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MANILA, Philippines – Severe Tropical Storm Hanna (Lekima) slightly strengthened further on Tuesday afternoon, August 6, as it continued to enhance the southwest monsoon or hanging habagat.
In a briefing at 5 pm on Tuesday, the Philippine Atmospheric, Geophysical, and Astronomical Services Administration (PAGASA) said Hanna now has maximum winds of 100 kilometers per hour (km/h) from the previous 95 km/h and gustiness of up to 125 km/h from the previous 115 km/h.
It is expected to intensify into a typhoon within 24 hours.
Hanna is now 780 kilometers east of Calayan, Cagayan, moving north northwest at 10 km/h after staying almost stationary for most of the day.
Hanna is still not expected to make landfall in the Philippines, but Signal No. 1 might be raised in extreme Northern Luzon.
The severe tropical storm also continues to enhance the southwest monsoon, which is still affecting Luzon and the Visayas.
Here is the latest list of areas affected by the enhanced southwest monsoon.
Tuesday night, August 6, until Wednesday, August 7
- Moderate to heavy monsoon rain
- Western Visayas
- Scattered rainshowers and thunderstorms
- rest of Central Luzon
- Metro Manila
- Cagayan Valley
- Cordillera Administrative Region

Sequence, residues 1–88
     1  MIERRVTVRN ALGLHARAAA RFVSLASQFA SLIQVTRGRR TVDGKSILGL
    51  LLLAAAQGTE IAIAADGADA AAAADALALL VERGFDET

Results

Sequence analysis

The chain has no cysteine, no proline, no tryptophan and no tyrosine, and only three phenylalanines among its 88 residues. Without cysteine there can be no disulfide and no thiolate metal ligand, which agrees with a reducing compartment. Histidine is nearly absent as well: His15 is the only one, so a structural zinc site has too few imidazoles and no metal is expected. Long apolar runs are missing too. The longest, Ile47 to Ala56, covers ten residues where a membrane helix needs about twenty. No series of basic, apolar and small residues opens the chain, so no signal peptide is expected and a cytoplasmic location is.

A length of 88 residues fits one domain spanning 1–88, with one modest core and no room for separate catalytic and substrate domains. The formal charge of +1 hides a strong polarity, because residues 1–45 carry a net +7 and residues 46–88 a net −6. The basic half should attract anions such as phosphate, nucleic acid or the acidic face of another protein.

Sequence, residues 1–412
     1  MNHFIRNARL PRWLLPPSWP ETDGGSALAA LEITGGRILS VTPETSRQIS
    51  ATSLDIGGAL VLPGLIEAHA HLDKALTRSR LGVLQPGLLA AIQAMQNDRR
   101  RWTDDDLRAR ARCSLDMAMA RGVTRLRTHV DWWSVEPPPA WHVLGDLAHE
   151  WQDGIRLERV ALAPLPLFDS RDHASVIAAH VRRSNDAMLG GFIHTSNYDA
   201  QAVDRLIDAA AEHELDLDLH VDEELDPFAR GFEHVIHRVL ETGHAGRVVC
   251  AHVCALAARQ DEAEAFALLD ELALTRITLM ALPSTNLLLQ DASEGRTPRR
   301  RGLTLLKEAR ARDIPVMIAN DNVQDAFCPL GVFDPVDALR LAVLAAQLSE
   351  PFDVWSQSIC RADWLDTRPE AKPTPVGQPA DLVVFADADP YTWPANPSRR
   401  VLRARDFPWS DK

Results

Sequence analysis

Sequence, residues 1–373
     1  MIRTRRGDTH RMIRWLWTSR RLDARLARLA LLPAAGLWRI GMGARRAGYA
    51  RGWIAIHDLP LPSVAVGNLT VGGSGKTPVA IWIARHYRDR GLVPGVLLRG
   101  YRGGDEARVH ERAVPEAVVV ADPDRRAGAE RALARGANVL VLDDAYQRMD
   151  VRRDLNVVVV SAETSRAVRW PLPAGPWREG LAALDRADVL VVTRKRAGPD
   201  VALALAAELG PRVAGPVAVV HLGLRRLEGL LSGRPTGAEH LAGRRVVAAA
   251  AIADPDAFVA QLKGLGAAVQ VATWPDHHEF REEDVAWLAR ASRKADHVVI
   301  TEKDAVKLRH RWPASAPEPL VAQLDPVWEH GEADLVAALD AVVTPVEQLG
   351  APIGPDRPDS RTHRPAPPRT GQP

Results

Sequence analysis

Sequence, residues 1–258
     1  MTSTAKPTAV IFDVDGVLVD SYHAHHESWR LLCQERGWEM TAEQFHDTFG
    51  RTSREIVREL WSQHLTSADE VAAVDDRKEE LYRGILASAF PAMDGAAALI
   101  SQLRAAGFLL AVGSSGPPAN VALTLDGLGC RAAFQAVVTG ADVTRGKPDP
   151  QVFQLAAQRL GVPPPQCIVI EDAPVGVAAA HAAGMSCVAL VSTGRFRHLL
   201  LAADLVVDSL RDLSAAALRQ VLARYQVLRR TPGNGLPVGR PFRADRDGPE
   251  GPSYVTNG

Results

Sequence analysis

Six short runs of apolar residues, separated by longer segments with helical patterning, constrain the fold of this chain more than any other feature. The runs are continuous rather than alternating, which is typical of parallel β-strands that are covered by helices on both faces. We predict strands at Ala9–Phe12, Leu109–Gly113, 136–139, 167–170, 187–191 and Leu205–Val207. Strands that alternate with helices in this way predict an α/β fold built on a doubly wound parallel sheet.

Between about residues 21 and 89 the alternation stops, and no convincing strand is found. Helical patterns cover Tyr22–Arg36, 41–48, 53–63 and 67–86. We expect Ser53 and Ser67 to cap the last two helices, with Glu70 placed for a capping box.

- rest of the Visayas
Flash floods and landslides remain possible in areas affected by the enhanced southwest monsoon. (READ: FAST FACTS: Tropical cyclones, rainfall advisories)
PAGASA also warned fishermen and others with small vessels not to venture out into the seaboards of Luzon and the Visayas as well as the northern and eastern seaboards of Mindanao.
Based on Hanna’s latest forecast track, it is expected to leave the Philippine Area of Responsibility (PAR) on Friday, August 9.
Aside from Hanna, PAGASA continues to monitor two other weather systems:
- low pressure area (LPA) inside PAR
- tropical storm outside PAR
The LPA inside PAR is 310 kilometers west of Iba, Zambales. PAGASA Weather Specialist Aldczar Aurelio said it is unlikely to become a tropical depression and will probably just dissipate within 24 to 48 hours as Hanna will absorb it.
Meanwhile, the tropical storm outside PAR has the international name Krosa. This was the tropical depression that PAGASA has been monitoring, but it has since intensified into a tropical storm.
Krosa is already 2,220 kilometers east of Northern Luzon, moving northwest at a slightly slower 15 km/h from the previous 20 km/h.
Krosa now has maximum winds of 65 km/h from the previous 55 km/h and gustiness of up to 80 km/h from the previous 70 km/h.
The tropical storm is unlikely to enter PAR, based on current models.
Hanna is the Philippines’ 8th tropical cyclone for 2019, and the 1st for the month of August. (READ: LIST: PAGASA’s names for tropical cyclones in 2019)
The country gets an average of 20 tropical cyclones annually, but since 2019 is an El Niño year, only 14 to 18 tropical cyclones are expected.
Below is the estimated number of tropical cyclones from August to December:
- August – 2 to 4
- September – 2 to 4
- October – 2 or 3
- November – 1 or 2
- December – 0 or 1
PAGASA declared the start of the rainy season last June 14. – Rappler.com
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